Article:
• “Employers have enjoyed the benefits of not just underpaying people broadly (look at wages vs. productivity, and wages vs. cost of living), but getting free extra labor, usually with either the promise of a promotion/raise that never comes or with the threat of unemployment if the employee works to rule instead of working extra. God knows I fell for that scam when I was new to the working world, and it has never once paid off. I just now quit doing it, after nearly five years of taking on extra at a job for which I was already overqualified, only to pass an external interview for a job I’d done on top of my own for years, then hear from my own management that I would not be moved on to the next round. They like my work in that role just fine, but they’d prefer not to pay me for it and to keep getting my actual job duties covered for my current rate too. Nope, screw that, they had their shot and now I’m going to do as specified while I look for greener pastures. Life’s too short to waste my time and energy like this; I want to do good work that allows me to live a life in which I’m content. That’s it, that’s all, that’s not shameful or wrong or lazy—and I adamantly reject any suggestion that it is.”
• “My version of quiet quitting is staying in my own lane. I’m not flaking out, but I’m also not taking anything new on voluntarily, and I’m definitely not offering to go above and beyond for my boss. … I do my job and I do it well, but that’s all I do.”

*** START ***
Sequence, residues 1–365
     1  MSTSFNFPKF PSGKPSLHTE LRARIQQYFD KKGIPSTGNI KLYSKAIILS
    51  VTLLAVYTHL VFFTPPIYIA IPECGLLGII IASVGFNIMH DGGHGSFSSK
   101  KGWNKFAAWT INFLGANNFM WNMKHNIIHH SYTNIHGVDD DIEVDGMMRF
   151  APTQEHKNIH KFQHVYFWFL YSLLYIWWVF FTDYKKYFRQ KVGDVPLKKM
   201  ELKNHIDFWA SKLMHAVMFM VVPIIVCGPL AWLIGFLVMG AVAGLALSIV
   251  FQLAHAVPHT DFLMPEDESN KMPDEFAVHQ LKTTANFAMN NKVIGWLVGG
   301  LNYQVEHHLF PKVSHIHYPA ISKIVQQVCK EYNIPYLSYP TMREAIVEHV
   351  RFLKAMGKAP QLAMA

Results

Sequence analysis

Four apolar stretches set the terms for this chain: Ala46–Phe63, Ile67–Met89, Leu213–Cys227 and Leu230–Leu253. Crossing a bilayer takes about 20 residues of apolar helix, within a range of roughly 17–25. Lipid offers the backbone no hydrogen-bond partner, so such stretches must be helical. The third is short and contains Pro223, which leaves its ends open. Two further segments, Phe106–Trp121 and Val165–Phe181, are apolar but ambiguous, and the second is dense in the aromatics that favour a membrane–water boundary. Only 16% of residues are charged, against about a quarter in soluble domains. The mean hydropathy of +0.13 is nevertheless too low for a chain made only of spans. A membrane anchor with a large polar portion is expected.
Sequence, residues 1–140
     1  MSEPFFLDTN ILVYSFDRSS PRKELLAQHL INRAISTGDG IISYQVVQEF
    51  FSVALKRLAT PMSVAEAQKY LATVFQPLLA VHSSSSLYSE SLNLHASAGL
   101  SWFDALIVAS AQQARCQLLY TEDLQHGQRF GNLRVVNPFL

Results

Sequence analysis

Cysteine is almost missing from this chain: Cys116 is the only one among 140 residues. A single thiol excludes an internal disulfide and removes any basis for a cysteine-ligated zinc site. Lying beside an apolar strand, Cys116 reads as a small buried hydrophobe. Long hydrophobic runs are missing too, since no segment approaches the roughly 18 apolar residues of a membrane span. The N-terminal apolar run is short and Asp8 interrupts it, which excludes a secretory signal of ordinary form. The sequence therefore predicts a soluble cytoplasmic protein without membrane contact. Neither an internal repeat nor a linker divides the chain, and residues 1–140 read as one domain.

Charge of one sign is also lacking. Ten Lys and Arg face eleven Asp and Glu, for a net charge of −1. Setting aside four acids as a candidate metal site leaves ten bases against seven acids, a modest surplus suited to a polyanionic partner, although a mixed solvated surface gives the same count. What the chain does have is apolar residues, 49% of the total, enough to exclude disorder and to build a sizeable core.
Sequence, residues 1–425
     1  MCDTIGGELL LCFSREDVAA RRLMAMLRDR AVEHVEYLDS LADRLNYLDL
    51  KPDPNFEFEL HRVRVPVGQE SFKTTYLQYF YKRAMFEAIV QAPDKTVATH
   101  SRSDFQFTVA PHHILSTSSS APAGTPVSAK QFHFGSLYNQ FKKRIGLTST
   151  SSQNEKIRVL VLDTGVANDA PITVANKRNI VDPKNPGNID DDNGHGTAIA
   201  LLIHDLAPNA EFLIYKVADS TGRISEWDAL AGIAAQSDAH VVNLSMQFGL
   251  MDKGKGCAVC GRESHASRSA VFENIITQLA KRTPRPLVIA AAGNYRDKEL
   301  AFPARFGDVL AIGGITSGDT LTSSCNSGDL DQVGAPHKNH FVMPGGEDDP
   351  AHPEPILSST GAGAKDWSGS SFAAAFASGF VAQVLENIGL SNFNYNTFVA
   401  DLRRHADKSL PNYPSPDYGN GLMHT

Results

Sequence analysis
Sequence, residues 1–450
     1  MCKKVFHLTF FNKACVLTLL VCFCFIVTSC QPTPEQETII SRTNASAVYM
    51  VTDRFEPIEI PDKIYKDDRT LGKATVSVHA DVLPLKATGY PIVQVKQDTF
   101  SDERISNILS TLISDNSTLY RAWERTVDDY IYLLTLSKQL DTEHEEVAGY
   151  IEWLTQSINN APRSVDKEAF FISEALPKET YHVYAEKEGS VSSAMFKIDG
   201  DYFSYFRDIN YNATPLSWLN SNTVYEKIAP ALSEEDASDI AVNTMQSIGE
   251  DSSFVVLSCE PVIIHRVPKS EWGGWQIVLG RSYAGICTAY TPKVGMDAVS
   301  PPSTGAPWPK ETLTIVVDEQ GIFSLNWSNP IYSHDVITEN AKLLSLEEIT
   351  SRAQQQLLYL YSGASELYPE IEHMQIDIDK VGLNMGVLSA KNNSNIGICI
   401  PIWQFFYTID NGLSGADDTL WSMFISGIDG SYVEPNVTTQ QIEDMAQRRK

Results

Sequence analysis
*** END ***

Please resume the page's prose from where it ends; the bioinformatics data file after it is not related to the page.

• “In education, because there is a teacher shortage in particular, I’ve seen a lot of my fellow staff members do the quiet quit. My district is working without a contract and the big admins are saying ‘there’s no money’ when hiding $18–20 million and giving our superintendent a $400,000 contract. We are doing what we are paid for, we care about our kids, but no more grading or planning outside of school. If it’s not in my contractual day, I likely won’t work on it.”
• “I work my contracted hours. I check my email once a day, during contracted hours. I do my recordkeeping and write my bulletins in my contracted hours. I do not serve on committees. When I was a first-year teacher, our consultant for our accrediting body told me that I should be doing material making every Saturday and recordkeeping every Sunday. Yeah, I don’t do that anymore.”
• “I think for a lot of people, they’ve come to this mentality because they went above and beyond for years but realized what they gained didn’t outweigh what they sacrificed. A lot of companies and organizations have been banking on their employees going above and beyond with no incentives. Teachers go above and beyond and pay for supplies out of pocket. An executive assistant goes above and beyond for their boss and is rewarded with 2 percent raises, ‘prestige,’ and calls on vacation. A salesperson went above and beyond and spent late hours convincing clients, but missed the formative years of his children’s lives. And companies benefited from their employees desire to go out of their way to do good work. But they didn’t reward those employees in any real, worthwhile way.
The whole narrative of “quiet quitting”—that doing only the basics of your job and nothing more is somehow akin to resigning—is the kind of thinking that lets employers take advantage of employees in the first place. It’s not quitting to do your job without burning yourself out or to decline to take on extra work without compensation. If a company’s business model requires its employees to go above and beyond, the problem isn’t the employees; it’s the business model.
It remains to be seen whether a change in the job market will alter these workers’ stances; employers, no doubt, are counting on regaining the upper hand at some point. But it sure does feel like a fundamental shift in our relationship to work has taken place, and for now, that’s a really good thing for workers.